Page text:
On November 4, 1979, amid the Iranian Revolution which overthrew that country’s US-backed absolute monarchy, a group of armed Islamist students stormed the American embassy in Tehran. They took its staff hostage, holding them prisoner for 444 days, in one of the most humiliating cases of blowback faced by the US before 9/11. On the day of the attack, however, six members of the staff working in a separate building on the embassy compound managed to slip out unnoticed, ultimately hiding out in the Canadian ambassador’s residence. Argo tells the story of the CIA operation to smuggle these six diplomats out of Iran.
Coming out at a time when Israel is openly threatening to bomb Iran, the Harper government has ramped up its campaign of fear-mongering by severing diplomatic relations, and a hard-right Republican ticket is trying to use the attack on the American consulate in Libya to propel itself into the White House, the film can’t help but seem a little convenient. And indeed, it will have millions of viewers flocking to theatres to hear the story of how innocent Americans were victimized by the menacing Iranians and the CIA came in to save the day.
But with that disclaimer aside, it’s worth acknowledging that Argo consciously tries to avoid being nauseatingly pro-American. The opening sequence outlines the history of American imperialism which preceded the revolution and hostage-taking—including the 1953 coup against the democratically-elected Mohammed Mossadegh for daring to nationalize the country’s oil resources, and American support for the Shah and his brutal secret police, the SAVAK. The film also provides an honest depiction of American reactions to the hostage-taking, including archival footage of a brutal assault by American protestors against an Iranian-American.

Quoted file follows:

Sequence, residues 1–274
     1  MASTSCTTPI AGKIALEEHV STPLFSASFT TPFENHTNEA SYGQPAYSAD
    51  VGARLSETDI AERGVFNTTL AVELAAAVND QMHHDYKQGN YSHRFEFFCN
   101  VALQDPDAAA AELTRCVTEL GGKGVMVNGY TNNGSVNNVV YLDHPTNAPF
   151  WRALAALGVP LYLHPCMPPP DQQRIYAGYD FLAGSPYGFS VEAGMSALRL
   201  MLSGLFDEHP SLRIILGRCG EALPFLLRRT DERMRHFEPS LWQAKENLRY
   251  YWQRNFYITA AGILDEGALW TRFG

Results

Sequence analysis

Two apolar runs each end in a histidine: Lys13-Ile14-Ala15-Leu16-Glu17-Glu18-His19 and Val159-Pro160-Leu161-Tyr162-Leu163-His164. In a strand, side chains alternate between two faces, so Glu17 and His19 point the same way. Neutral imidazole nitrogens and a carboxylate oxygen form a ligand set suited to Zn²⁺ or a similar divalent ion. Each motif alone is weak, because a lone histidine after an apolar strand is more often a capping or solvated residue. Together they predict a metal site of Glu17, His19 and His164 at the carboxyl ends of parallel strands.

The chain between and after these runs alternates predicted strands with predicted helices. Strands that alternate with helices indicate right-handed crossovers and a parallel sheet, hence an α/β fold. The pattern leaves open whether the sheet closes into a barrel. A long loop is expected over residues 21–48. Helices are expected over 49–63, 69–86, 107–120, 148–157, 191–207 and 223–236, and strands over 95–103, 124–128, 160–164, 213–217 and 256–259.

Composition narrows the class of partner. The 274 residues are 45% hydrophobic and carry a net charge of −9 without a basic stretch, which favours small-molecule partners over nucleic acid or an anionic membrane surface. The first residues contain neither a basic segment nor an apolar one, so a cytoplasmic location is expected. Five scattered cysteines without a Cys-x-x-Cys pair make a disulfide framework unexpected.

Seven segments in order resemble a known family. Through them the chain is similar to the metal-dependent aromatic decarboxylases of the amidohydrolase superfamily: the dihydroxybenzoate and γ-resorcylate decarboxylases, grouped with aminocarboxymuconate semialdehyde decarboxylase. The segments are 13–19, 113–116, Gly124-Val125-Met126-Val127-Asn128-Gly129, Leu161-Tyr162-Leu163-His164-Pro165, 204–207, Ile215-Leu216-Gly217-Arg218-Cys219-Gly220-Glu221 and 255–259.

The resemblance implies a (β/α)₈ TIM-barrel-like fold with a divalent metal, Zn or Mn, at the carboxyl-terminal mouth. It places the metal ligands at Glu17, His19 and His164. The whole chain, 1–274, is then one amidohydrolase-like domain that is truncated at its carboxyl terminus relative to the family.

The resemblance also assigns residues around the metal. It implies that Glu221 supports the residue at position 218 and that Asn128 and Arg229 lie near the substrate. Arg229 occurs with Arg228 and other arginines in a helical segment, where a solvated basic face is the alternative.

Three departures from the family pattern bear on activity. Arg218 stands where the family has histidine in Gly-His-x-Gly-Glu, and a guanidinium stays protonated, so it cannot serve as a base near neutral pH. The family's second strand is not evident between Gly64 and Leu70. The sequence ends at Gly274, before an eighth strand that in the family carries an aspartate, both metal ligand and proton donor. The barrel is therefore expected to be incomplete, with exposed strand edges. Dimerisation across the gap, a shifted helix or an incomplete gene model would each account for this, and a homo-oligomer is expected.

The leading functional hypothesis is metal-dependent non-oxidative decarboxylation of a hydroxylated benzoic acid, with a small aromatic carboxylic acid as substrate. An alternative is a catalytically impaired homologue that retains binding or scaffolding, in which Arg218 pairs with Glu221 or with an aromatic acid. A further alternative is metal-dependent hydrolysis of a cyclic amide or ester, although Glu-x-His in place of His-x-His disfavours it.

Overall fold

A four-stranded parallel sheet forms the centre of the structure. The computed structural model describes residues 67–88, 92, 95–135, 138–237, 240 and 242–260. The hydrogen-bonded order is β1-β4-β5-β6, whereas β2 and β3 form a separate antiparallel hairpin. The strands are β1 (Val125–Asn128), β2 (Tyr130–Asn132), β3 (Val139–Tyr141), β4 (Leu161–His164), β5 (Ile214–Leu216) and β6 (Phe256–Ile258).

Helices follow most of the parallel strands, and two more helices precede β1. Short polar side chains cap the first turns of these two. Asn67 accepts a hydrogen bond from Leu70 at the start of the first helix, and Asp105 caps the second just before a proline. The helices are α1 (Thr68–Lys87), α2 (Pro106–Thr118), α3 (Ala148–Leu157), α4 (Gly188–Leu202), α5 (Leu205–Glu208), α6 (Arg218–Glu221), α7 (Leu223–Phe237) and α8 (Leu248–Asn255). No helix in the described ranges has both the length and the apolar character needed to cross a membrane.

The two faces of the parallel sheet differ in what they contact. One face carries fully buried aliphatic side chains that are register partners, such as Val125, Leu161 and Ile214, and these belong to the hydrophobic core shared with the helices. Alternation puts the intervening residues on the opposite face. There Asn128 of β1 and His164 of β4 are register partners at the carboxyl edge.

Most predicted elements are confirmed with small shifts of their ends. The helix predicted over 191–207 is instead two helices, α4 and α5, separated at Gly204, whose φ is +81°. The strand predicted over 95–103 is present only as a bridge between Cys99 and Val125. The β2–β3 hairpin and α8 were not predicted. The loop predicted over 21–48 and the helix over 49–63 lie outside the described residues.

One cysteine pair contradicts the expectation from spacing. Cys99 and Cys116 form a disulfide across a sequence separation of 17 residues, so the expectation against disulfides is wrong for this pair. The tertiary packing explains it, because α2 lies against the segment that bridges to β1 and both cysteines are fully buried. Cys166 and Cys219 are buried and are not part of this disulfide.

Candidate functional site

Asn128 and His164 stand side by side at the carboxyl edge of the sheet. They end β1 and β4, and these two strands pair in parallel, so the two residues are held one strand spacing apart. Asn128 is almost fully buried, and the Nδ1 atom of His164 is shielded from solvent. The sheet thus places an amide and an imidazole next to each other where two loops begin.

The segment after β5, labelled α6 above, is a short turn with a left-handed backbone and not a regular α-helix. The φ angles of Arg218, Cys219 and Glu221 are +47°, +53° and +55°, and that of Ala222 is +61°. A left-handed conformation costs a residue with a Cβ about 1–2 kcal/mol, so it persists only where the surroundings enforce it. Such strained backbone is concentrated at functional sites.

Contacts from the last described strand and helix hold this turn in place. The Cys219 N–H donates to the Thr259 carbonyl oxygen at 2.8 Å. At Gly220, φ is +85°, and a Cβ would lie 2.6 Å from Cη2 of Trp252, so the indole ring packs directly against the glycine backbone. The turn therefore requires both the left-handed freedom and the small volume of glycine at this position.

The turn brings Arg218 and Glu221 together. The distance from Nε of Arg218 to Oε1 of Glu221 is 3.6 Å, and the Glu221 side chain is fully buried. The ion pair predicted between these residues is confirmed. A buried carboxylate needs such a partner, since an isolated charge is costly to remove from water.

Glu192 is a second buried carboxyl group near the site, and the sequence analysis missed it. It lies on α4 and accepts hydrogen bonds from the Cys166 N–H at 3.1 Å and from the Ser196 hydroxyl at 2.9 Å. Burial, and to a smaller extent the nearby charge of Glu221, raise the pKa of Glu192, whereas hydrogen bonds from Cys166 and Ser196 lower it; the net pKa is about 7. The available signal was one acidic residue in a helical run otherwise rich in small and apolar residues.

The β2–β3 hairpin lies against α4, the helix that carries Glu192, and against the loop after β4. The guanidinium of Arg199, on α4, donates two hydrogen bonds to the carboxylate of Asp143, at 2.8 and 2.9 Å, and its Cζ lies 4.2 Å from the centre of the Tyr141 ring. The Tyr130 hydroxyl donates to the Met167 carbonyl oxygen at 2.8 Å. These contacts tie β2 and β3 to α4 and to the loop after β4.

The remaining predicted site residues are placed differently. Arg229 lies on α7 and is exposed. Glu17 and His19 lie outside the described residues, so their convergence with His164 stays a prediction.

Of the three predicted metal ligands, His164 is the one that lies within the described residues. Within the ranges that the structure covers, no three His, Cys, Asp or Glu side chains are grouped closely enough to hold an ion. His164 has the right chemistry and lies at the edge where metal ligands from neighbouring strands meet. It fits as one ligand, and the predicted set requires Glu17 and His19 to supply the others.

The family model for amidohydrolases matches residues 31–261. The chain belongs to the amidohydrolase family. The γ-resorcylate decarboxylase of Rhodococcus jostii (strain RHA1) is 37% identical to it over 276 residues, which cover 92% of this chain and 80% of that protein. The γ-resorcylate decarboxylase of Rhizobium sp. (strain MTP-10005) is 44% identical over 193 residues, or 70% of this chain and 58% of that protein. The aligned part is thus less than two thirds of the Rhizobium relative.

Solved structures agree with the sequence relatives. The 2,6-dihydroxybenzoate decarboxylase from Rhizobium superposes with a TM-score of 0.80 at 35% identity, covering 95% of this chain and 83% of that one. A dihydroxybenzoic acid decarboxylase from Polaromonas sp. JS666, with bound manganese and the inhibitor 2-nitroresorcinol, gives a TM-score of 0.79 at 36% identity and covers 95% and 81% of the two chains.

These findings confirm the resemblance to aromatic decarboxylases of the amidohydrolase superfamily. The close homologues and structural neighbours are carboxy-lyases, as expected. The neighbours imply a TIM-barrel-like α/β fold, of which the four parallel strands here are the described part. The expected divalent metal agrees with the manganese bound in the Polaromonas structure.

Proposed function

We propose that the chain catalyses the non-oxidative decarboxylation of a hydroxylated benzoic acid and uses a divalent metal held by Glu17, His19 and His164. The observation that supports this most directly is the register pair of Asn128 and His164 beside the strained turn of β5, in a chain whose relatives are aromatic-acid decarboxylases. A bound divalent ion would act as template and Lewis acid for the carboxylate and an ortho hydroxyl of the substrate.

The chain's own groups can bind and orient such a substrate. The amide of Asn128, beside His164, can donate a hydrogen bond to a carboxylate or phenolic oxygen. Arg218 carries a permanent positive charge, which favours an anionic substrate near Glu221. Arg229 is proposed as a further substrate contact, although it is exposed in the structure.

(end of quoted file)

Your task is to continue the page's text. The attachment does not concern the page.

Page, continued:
Taken solely on its artistic merits, it is an enjoyable movie. The cloak-and-dagger CIA operation makes for an exciting thriller, and the diplomats’ cover story as scouts for a fake science fiction movie called Argo leads to some funny scenes set in Hollywood. Ben Affleck, John Goodman and Alan Arkin all turn in convincing performances as the CIA “exfiltration expert” and movie industry big wigs, respectively.
On the whole, the movie’s entertainment value and attempt at objectivity make it easy enough to recommend, and in a different political context one could leave it at that. But with the prospect of another US-led war of aggression hanging over Iran and its constant demonization in the Western media, it behooves us to think more critically about the way this movie plays into the dominant narrative and the hands of those promoting it.